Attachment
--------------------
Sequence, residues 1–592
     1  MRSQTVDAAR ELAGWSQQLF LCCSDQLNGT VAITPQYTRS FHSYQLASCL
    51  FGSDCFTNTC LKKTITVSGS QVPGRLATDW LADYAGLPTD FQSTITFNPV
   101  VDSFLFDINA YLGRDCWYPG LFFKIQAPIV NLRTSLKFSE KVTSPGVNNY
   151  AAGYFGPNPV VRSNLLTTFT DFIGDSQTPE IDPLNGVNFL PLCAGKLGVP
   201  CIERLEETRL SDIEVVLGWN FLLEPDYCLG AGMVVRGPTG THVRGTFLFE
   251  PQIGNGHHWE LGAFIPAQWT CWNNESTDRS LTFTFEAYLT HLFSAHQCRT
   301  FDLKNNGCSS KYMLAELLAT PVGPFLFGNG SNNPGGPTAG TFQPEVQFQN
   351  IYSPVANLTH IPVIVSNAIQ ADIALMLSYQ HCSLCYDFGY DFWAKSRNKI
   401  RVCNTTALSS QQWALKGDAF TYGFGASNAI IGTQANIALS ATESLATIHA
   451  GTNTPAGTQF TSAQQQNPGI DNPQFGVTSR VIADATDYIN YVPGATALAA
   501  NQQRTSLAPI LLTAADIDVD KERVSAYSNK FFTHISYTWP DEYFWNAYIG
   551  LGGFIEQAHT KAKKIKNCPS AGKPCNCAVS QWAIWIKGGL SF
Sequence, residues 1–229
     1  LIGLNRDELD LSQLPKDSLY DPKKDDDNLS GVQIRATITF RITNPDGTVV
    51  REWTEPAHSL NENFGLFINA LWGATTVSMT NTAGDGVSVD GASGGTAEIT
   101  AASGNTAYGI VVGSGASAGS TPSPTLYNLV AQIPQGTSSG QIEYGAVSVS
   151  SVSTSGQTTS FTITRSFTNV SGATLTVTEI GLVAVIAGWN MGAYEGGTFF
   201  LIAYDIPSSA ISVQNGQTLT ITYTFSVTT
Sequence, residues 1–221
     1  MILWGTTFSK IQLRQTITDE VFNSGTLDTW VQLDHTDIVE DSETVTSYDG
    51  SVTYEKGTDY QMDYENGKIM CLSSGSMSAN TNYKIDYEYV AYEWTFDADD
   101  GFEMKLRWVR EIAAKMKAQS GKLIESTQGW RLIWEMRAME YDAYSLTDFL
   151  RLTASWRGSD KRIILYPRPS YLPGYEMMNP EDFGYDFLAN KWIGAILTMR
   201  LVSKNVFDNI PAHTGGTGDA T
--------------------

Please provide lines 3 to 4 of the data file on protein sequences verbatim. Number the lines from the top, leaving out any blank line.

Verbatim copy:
    51  FGSDCFTNTC LKKTITVSGS QVPGRLATDW LADYAGLPTD FQSTITFNPV
   101  VDSFLFDINA YLGRDCWYPG LFFKIQAPIV NLRTSLKFSE KVTSPGVNNY